Deserted Island Music
my Amazon reviews, mostly about books, movies and music
Popular songs in America have gotten sadder since the mid-1960s.
Saw this in the Wall Street Journal, 8 June 2012. Here's a copy/paste from http://online.wsj.com/article/SB10001424052702303753904577452812828090878.html
As measured by key and tempo—and setting lyrics aside—pop music has gotten gloomier since the mid-1960s, two researchers report.
They analyzed the top 40 songs from the Billboard year-end "Hot 100" chart for selected years from 1965 to 2009, assessing whether each hit was written in a major or minor key, and taking note of its tempo and duration. Songs in a minor key tend to be associated with sadder emotions, as do slower songs. (When songs mixed major and minor modes, the song was classified according to the longer-lasting mode; when they varied in tempo, the beats-per-minute of different sections were averaged.)
Over time, the most striking change had to do with key: In the 1965-69 period, 85% of hits were written in a major key, but that proportion had fallen to 42.5% by 2005-09. Songs also dropped to 100 beats per minute in 2005-09 from 116 beats in 1965-69. The authors found signs that pop music was growing more emotionally ambiguous: Major-key ("happy") songs, for example, slowed down more than minor-key songs.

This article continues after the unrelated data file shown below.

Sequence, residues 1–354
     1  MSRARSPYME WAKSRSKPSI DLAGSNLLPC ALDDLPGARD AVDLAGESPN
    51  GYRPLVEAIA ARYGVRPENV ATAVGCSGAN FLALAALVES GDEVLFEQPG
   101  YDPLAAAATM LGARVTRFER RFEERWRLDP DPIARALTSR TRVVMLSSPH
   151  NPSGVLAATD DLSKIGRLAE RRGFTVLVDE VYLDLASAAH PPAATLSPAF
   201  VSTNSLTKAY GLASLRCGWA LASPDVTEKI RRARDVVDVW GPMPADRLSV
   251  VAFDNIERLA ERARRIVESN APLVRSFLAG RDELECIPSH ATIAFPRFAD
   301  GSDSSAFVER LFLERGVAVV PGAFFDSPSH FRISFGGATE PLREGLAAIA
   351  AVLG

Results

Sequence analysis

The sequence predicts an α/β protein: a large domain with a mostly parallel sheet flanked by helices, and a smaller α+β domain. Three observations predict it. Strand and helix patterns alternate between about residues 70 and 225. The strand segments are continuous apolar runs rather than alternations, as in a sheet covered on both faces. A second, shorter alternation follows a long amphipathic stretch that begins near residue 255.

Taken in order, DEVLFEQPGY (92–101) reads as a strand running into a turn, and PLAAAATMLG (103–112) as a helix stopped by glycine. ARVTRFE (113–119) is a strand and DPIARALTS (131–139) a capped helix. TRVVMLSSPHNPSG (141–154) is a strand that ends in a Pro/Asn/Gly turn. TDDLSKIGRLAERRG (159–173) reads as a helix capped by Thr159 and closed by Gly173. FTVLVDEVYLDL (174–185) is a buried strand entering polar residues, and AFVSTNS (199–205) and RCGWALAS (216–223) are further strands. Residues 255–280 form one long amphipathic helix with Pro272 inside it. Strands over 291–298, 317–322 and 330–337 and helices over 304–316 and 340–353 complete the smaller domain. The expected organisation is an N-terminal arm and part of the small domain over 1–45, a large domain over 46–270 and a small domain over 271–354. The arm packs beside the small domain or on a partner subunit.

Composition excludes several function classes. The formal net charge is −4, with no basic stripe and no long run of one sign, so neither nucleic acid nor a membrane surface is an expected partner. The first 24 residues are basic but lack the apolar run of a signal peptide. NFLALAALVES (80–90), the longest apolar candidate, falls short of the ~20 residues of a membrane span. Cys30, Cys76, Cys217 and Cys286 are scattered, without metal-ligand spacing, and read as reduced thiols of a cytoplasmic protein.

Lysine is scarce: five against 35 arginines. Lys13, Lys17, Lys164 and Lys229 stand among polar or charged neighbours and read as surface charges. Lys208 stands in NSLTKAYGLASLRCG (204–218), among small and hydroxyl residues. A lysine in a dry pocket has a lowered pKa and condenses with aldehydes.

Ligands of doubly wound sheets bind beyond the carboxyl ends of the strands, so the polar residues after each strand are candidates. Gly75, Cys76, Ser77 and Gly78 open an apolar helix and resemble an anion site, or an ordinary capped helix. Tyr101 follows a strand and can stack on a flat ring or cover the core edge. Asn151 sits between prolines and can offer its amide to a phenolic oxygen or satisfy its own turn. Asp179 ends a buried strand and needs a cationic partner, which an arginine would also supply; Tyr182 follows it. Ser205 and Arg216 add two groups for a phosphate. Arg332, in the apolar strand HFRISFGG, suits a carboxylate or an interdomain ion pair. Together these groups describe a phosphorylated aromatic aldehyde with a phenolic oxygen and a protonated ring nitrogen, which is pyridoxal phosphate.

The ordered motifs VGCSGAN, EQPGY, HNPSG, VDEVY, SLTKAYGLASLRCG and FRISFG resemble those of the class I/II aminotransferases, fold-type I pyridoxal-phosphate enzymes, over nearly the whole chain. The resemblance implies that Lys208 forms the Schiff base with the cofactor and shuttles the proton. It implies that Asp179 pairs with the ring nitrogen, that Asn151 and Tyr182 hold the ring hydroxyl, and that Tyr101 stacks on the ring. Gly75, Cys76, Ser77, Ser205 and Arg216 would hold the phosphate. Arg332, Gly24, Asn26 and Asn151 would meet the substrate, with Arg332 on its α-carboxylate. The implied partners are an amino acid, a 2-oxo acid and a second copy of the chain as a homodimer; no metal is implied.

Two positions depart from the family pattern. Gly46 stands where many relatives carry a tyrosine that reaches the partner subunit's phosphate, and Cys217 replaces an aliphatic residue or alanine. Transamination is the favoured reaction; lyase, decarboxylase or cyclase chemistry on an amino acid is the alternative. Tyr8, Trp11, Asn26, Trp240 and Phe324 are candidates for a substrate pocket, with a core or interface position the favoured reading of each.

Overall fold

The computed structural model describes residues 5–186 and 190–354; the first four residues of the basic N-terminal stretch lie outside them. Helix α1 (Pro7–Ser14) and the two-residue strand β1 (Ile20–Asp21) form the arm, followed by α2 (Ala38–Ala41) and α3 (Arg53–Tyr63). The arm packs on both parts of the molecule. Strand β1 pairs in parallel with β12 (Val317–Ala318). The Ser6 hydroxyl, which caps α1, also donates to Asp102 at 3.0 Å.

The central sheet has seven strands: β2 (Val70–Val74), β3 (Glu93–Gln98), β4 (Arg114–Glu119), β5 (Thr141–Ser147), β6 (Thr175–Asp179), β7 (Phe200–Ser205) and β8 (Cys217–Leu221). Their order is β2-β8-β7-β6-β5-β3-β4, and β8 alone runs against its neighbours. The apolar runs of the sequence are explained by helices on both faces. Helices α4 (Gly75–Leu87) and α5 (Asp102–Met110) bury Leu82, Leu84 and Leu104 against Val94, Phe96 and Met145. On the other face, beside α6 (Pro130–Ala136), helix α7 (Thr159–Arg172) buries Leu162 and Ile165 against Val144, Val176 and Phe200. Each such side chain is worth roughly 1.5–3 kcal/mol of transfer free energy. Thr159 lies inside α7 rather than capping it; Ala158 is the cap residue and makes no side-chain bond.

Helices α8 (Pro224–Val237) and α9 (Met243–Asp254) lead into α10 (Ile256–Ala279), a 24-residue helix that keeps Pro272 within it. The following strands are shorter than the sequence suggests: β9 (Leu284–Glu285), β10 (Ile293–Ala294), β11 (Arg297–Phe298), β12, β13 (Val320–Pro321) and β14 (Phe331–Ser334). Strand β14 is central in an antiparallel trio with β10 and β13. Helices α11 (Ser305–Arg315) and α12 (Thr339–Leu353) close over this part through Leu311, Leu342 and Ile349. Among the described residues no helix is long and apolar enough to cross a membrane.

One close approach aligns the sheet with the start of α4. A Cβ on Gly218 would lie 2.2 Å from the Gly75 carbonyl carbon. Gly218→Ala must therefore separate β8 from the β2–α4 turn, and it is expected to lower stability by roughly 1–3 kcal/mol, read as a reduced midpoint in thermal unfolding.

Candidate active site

"Emotional Cues in American Popular Music: Five Decades of the Top 40," E. Glenn Schaellenberg and Christian von Scheve, Psychology of Aesthetics, Creativity and the Arts (forthcoming)
Stuart Sharp and the symphony he heard from heaven ... that he had to write.
I extracted this (with Audacity) from a Snap Judgment podcast. It's linked to here.
An article about the story from a reputable source is here.
The rationalist in me says this didn't happen. But no one has yet, to my knowledge, come out and said it's all BS either.
I do know the power of music is amazing, but never imagined it as strong as this.
"How well can you hear audio quality?"
This NPR article gives us a chance to hear the same segment of a song, recorded in three ways, from worst to middle to best audio quality.
We hear the segment, then decide which of the three recordings sounds best.
We get six musical selections to test our hearing.
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